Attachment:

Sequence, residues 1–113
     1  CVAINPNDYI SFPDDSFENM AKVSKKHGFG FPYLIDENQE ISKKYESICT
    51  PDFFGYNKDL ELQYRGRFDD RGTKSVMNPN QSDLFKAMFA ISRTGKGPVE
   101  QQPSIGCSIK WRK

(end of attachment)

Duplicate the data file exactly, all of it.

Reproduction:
Sequence, residues 1–113
     1  CVAINPNDYI SFPDDSFENM AKVSKKHGFG FPYLIDENQE ISKKYESICT
    51  PDFFGYNKDL ELQYRGRFDD RGTKSVMNPN QSDLFKAMFA ISRTGKGPVE
   101  QQPSIGCSIK WRK